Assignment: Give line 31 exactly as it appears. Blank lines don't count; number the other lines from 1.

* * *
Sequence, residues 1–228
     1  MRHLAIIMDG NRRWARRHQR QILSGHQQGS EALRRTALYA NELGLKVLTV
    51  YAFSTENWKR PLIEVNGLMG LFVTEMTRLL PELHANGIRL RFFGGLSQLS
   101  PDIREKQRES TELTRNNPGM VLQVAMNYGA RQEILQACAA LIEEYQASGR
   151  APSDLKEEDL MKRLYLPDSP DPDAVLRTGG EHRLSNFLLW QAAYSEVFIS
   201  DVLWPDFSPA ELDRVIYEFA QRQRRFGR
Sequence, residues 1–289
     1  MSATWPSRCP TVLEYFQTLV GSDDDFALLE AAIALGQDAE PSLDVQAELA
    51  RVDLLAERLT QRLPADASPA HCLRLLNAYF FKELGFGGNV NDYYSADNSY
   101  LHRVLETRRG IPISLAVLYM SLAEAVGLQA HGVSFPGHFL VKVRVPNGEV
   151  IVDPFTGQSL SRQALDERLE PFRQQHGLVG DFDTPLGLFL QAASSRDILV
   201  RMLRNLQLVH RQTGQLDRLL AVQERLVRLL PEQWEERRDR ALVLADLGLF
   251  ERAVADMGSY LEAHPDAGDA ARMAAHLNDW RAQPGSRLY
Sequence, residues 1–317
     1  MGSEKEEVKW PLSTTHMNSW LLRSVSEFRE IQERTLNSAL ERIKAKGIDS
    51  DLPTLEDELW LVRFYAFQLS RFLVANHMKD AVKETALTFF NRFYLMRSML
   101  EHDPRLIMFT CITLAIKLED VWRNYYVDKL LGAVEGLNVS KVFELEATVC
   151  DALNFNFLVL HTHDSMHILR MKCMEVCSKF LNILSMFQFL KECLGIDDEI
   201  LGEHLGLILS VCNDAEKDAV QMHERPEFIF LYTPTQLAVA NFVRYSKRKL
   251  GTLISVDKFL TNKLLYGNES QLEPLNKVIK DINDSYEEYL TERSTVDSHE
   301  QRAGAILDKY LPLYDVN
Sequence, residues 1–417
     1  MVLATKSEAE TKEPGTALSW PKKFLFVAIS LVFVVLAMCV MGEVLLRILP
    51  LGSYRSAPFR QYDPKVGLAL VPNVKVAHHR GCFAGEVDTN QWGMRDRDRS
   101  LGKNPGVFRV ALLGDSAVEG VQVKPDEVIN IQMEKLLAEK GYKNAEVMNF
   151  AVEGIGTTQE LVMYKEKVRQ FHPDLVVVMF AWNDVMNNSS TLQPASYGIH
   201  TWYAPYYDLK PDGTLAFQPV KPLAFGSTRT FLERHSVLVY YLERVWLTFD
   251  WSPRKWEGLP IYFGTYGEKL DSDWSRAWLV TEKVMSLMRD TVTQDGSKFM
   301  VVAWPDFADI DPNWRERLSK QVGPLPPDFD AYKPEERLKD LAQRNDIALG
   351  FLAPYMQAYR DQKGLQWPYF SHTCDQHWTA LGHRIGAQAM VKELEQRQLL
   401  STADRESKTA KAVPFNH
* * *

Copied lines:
   401  STADRESKTA KAVPFNH